If you are pushing too hard and too fast you may feel like you are torturing yourself. Sometimes you just need to have a long but slow “take time to smell the flowers” ride.

As time passes you can add variety in a bunch of ways.

  • Switch between road riding on one session and offroad riding on another.
  • Do intervals with a heart monitor. Make yourself go at one intensity for a set period of time before changing to another intensity.
  • Pick a distance or a time limit and go and ride until you are done.
  • Ride to a fruit stand, a small town or to an attraction that you’ve wanted to check out.
  • Do some walking, jogging, running, swimming or anything else that will give you some exercise.

Remember you need this to be fun so that you will develop a hunger for it. Over time you will likely feel grouchy if you don’t get your fitness “fix”.

Bike touring content

By improving your cardio exercise level it gets significantly easier to ride your bike! You are stronger and have a lot more energy. This in turn means that you CAN do that extra side path you’ve always wanted to explore or you CAN go further than ever before on a bike in a day.

Basically improving your cardio level empowers you to be able to do things that you didn’t think were possible before.

On to Element Two……

Element Two - Nutrition/Calorie Counting

Here are a few sayings for you:

Change in weight = food intake minus exercise

We are what we eat….

There is a lot of truth to both of these statements. However, when I started working towards my goal I didn’t have a clue how to go about keeping track of either the number of calories I was eating or how to determine what foods were good to eat.

The research was definitely in order!

I started with a software package called DietPower. This software has a list of 11,000 foods and more importantly has the ability to let you enter your own foods using the information on the nutrition label if you need to. Once you enter or select the food you can tell the software how much you ate and instantly see the number of calories in the food. By right-clicking on the food you see a pie chart that shows you what percentage of the food is fat, carbs and protein. Very useful when trying to decide what foods you want to eat again!

Now in order to be able to tell the food sizing, I went out to Walmart and picked up a simple food scale for a minimal amount of money.

Another feature of the software is that you can type in how much you exercised in the exercise log.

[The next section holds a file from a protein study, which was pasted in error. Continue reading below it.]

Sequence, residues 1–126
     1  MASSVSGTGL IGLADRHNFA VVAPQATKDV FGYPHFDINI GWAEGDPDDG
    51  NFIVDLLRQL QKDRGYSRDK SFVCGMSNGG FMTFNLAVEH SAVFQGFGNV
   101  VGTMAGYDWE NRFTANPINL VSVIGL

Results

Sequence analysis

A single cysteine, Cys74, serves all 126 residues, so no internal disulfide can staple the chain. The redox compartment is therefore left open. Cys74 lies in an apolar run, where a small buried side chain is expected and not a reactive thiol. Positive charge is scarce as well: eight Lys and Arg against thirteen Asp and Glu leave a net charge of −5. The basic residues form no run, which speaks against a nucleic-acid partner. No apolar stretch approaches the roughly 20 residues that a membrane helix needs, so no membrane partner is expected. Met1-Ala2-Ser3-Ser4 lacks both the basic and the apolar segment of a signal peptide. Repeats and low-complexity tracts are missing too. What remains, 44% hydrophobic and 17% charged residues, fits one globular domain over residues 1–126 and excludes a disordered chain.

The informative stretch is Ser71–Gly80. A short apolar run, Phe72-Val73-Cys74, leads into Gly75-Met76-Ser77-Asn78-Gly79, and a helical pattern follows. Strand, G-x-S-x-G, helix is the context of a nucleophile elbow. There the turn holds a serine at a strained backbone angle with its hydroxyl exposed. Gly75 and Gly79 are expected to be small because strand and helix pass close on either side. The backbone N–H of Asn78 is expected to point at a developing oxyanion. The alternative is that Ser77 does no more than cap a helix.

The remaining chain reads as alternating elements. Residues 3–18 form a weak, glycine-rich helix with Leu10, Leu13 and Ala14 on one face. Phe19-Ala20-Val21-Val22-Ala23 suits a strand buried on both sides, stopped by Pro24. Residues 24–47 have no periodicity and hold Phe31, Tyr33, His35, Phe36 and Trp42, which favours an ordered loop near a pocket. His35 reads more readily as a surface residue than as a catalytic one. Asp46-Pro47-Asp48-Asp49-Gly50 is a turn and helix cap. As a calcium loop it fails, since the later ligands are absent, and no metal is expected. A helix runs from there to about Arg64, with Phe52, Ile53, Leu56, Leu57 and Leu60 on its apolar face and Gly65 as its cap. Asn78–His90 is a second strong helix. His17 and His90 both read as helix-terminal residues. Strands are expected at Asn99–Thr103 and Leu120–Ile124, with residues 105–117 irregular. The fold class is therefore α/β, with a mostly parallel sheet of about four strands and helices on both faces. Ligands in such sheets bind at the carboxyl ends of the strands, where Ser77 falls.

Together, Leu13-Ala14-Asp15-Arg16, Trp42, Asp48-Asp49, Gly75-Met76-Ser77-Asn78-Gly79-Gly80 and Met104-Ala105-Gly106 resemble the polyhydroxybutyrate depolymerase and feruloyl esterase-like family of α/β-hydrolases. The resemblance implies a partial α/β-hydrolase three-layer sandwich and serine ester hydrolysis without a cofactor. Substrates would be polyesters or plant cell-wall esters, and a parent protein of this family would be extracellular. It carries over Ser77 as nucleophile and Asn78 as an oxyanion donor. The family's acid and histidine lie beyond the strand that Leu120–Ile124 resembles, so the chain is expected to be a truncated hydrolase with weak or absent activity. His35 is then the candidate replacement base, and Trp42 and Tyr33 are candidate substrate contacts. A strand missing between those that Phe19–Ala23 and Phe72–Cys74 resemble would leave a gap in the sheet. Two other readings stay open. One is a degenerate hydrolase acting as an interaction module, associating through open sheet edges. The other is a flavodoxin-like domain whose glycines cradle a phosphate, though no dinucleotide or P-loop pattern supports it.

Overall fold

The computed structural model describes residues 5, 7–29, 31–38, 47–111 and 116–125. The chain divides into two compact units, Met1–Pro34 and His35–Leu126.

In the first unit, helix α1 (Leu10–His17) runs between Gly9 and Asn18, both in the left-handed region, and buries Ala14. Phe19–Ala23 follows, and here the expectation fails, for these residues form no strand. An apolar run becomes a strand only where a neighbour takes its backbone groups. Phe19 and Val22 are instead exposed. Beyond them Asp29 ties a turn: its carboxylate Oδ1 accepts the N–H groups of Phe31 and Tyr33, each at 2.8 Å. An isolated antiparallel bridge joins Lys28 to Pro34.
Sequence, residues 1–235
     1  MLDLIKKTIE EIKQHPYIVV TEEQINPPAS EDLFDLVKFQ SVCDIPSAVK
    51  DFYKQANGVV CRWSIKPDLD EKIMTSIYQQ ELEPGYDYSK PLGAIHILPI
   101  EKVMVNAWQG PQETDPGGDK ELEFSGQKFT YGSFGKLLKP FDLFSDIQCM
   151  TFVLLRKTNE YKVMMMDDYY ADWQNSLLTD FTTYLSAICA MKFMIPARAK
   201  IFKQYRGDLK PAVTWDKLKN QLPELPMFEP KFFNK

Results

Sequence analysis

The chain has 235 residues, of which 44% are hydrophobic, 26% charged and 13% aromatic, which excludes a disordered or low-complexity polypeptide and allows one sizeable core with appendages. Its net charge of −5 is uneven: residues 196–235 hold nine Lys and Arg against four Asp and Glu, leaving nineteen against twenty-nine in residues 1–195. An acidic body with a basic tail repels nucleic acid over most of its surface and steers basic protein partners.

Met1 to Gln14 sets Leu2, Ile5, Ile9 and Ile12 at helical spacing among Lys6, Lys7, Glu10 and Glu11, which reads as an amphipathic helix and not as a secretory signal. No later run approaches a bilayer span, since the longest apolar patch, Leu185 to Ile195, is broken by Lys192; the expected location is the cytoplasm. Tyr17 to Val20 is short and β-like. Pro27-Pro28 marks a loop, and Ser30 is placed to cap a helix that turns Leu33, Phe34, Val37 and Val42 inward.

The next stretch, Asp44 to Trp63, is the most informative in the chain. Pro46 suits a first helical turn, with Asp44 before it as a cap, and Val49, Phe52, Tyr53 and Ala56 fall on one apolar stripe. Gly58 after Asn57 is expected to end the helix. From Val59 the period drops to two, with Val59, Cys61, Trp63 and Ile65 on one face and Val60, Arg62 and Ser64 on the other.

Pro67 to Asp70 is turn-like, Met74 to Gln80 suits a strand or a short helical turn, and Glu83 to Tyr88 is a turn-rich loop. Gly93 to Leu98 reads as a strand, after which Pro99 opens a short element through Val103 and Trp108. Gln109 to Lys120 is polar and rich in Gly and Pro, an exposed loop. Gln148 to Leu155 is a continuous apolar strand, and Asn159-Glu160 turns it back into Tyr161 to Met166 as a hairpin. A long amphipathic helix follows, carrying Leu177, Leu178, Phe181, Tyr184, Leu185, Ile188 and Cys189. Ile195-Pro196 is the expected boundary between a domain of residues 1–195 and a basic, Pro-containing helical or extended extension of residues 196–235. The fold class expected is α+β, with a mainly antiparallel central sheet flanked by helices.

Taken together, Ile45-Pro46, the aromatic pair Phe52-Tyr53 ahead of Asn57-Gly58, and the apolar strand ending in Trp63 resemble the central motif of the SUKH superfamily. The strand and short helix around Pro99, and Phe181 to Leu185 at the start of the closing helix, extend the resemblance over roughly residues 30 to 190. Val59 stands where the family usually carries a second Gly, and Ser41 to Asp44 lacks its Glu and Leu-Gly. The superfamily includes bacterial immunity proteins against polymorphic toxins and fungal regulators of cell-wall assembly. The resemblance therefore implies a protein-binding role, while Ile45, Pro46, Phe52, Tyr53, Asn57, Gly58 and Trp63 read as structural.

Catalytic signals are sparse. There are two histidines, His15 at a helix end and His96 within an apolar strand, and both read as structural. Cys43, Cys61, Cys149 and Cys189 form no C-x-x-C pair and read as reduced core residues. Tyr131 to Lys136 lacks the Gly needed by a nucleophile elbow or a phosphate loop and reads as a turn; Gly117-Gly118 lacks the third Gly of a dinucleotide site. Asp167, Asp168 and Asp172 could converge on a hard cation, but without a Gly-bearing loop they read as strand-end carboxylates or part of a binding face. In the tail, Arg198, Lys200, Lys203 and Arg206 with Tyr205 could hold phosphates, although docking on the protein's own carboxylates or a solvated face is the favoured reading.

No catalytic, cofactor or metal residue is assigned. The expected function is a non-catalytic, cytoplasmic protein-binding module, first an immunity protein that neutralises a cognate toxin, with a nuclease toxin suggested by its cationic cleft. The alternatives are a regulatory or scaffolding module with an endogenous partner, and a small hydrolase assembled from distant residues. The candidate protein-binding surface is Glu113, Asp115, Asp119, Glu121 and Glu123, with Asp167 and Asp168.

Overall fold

The combination of these two main features gives you the ability to control how much you eat and be able to see at a glance how much you are eating compared to how much you are exercising.

As time passed I became more interested in good nutrition so I read a bunch of books. I found while reading the books that I looked for common themes amongst a bunch of books.

Lifestyle change, not a quick fix

I kept the fun rule in mind too. I am trying to make a lifestyle change here not make a quick fix. In that case, if I felt like a cookie I tried to substitute a fruit. If that wasn’t appealing then I would limit myself to one cookie.

There were days when I felt the need to indulge in a piece of cheesecake or something similar. Oh well as time passes the need for that is less appealing and I miss it less.

By keeping an eye on the big picture I found I could be less rigid in terms of the odd “bad” thing and yet still enjoy the whole eating process.

So how does this apply to touring on a bicycle?

As time passed and I learned about nutrition I started making food choices that helped me to reduce my weight as well as improve my performance on the bike.

Another thing I did was eliminate exercise bars and special exercise drinks on any ride shorter than 90 minutes. Instead, I relied on water and my fat stockpile. I never bonked as a result so for me this strategy worked.

On to Element Three…..

Element Three - Strength training

I will admit that the idea of strength training was really not appealing to me at all. Even today I still probably find this the least addictive of the things I am trying to do.

I originally started doing it because I had read that many people who exercise actually lose muscle rather than fat. My thinking was that my cycling was likely preserving and possibly enhancing my lower leg strength but not doing much for my upper body.

However recently I added lower bodyweight training to my upper body weight routine and now I am noticing improved performance when riding the bike.

My speed has increased along with my ability to go greater distances? Coincidence? I kind of doubt it.

About two years ago I did some weight training at a gym using machines and free weights. I found that I liked using free weights more than machines but I hated adding the extra time to do weights to a gym day that already included a 60-minute cardio class.

This time around I purchased an exercise mat and a set of dumbbells that featured the ability to change weight plates. As time passed I also obtained some resistance tubing to use on touring or business travel trips as well as a bench, a barbell and some of the options that are available for the bench like a leg extension/hamstring curls device.

I now aim for three strength training sessions per week and I go for a high number of repetitions (20) across three sets. This is enough to give me strength and toning gains without being so much weight that it gives me a high risk of an injury.

One thing that I am considering for the future is moving to a split routine. This way instead of three long full-body sessions I would have six shorter sessions that focused on specific body areas. So one day I might do upper body and lower body the next day.